Dashiki Dialogues: Dirty dashikis do a dance of deflection

2014-02-12 10:00

Our country is often like a burning bus charging down a steep slope with broken brakes while we, the passengers, respond by arguing about which song to sing along to.

In many cases, when the nation is impassioned about an issue, we find something trivial to deflect our attention from that issue.

It’s something akin to what self-confessed neocolonialist RW Johnson did in a recent radio interview following an article in which he stated: “One notes how African, coloured and Indian parents are eager that their children should attend formerly white schools?–?it is seen as a guarantee of quality?–?and also how, for the same reason, they do not want the whites to abandon the school to them: the ideal is to be racially diverse and keep the whites involved.”

Basically, he was charging that black people associate white presence with excellence. He was then asked by Eusebius McKaiser if he had peer-reviewed evidence for his racially offensive claim or if it was a hypothesis he came up with his friends while drinking brandy and Coke.

Johnson responded by asking if McKaiser had any peer-reviewed evidence that he and his friends drink brandy and Coke.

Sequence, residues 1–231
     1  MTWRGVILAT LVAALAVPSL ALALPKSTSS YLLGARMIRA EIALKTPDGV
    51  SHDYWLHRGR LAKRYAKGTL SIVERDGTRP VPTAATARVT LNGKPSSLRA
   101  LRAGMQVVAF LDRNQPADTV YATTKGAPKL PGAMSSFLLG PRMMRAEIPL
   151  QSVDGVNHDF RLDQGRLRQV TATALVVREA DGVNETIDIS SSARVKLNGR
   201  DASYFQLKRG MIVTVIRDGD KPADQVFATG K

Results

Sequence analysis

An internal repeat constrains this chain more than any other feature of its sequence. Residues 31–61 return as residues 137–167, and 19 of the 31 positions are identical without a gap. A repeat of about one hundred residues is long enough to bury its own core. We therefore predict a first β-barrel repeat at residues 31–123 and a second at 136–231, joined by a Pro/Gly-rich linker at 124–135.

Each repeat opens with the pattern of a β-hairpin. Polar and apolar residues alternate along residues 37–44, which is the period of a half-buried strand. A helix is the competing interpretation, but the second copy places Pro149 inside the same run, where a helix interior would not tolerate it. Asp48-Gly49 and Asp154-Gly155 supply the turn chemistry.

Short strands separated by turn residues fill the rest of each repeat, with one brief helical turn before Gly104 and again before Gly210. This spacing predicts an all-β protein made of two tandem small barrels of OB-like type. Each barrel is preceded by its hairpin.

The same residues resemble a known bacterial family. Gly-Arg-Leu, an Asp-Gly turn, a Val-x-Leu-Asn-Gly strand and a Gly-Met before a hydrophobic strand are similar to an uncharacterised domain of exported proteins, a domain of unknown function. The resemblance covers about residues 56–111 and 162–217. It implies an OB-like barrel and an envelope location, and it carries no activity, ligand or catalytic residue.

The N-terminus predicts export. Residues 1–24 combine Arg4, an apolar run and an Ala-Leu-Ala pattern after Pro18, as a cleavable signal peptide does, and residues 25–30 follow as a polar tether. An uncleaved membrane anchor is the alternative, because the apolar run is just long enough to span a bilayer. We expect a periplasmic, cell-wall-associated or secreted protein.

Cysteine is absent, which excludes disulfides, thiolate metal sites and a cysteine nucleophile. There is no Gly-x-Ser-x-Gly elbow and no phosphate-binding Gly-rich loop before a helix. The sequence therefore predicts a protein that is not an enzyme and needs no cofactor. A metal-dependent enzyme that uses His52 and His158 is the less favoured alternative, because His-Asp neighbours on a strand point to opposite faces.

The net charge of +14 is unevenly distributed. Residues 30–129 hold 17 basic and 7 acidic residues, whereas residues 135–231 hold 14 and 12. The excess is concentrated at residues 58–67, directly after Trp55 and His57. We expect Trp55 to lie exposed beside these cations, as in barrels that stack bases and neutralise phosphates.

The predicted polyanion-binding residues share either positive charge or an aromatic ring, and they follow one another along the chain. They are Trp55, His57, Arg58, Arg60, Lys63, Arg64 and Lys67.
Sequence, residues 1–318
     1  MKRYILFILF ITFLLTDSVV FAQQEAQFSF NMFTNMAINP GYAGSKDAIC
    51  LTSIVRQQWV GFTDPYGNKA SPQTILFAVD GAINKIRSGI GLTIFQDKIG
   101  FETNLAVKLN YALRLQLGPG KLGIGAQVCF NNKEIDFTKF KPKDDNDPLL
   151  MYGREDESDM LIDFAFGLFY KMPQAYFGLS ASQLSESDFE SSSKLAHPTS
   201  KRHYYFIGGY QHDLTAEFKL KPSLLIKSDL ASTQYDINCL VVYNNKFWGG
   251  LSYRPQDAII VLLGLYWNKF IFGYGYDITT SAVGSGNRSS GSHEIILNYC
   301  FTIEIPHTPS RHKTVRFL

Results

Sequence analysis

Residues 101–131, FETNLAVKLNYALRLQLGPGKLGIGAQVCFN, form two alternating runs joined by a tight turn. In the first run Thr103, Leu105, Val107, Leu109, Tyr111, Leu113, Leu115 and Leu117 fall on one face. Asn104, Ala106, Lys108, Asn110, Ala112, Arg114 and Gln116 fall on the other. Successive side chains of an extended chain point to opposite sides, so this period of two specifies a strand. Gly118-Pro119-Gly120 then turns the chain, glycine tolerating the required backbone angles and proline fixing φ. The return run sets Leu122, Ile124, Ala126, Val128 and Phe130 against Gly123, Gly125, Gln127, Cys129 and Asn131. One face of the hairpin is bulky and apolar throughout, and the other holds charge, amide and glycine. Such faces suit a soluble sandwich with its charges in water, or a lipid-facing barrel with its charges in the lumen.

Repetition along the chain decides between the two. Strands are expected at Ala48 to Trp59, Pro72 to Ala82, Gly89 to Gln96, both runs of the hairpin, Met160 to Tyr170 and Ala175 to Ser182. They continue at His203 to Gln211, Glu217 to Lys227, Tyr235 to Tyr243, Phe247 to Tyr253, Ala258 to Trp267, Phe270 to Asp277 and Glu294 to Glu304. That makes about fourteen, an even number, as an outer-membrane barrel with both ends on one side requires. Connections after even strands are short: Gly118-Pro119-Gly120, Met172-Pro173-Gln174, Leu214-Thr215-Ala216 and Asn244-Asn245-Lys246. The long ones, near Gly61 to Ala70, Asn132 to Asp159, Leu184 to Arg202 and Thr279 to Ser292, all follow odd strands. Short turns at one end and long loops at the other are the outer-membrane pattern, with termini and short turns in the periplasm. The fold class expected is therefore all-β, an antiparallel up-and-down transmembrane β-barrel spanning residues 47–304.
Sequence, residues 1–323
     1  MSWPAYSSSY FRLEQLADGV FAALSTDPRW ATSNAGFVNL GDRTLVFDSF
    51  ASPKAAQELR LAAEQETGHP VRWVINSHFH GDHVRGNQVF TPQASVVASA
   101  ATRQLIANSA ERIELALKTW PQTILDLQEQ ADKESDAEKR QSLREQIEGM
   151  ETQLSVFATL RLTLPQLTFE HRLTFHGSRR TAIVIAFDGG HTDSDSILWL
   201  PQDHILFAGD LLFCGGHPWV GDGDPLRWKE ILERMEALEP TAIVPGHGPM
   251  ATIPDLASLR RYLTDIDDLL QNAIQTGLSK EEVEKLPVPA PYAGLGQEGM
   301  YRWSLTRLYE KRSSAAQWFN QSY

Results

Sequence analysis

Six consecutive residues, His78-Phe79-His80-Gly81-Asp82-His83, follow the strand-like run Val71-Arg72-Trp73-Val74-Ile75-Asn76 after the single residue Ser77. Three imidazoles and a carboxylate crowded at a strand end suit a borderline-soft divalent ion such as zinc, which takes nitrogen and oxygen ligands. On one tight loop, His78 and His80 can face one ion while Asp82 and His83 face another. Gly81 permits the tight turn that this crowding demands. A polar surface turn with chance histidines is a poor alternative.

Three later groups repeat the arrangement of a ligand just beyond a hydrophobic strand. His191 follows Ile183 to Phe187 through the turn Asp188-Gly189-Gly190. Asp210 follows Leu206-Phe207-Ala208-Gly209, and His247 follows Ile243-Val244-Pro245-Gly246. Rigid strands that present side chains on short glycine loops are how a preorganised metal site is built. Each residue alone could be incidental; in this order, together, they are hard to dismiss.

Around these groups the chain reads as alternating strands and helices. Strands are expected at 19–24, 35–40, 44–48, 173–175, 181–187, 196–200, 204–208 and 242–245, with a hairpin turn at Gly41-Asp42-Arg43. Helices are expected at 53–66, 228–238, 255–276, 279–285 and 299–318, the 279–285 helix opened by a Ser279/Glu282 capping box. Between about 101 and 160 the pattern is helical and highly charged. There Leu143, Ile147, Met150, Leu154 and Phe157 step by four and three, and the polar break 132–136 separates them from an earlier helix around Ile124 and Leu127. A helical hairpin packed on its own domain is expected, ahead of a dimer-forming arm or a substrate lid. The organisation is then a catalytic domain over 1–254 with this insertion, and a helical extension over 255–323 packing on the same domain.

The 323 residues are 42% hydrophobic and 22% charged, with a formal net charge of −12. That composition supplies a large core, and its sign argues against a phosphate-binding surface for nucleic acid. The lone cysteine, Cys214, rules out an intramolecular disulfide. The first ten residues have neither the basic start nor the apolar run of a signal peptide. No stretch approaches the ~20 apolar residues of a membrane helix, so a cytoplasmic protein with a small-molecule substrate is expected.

Now that’s something special.

This kind of diversionary self-deception does not only afflict people like Johnson. It tends to bewitch us at a larger, more collective level.

Take the very worrying information that emerged from the DA-Agang fiasco, for example. As it turned out, a mystery international donor was behind last week’s ill-fated DA-Agang merger. News reports in The New Age quoted Agang leader Mamphela Ramphele as saying:

“A donor pushed the DA and Agang together.”

Then we saw the DA’s Mmusi Maimane step into the fray to rubbish the reports.

This was contradicted by DA leader Helen Zille who, when questioned about the donor, told Talk Radio 702 host John Robbie to ask Ramphele.

But when she was pressed further about the donor, Zille said: “Yes I?do?know who the donor is?…?don’t think it’s my job to tell anyone.”

The ANC took advantage of the mess to announce its worries about the revelations. But that may well be a case of a pot accusing the kettle of being charred.

My worry lies in how foreigners with money can affect such drastic movements in our domestic politics. It’s an attack on our nation’s sovereignty.

But instead of a dialogue about this threat to our constitutional republic, we go on about how Ramphele’s dashiki got into Steve Biko’s bedroom.

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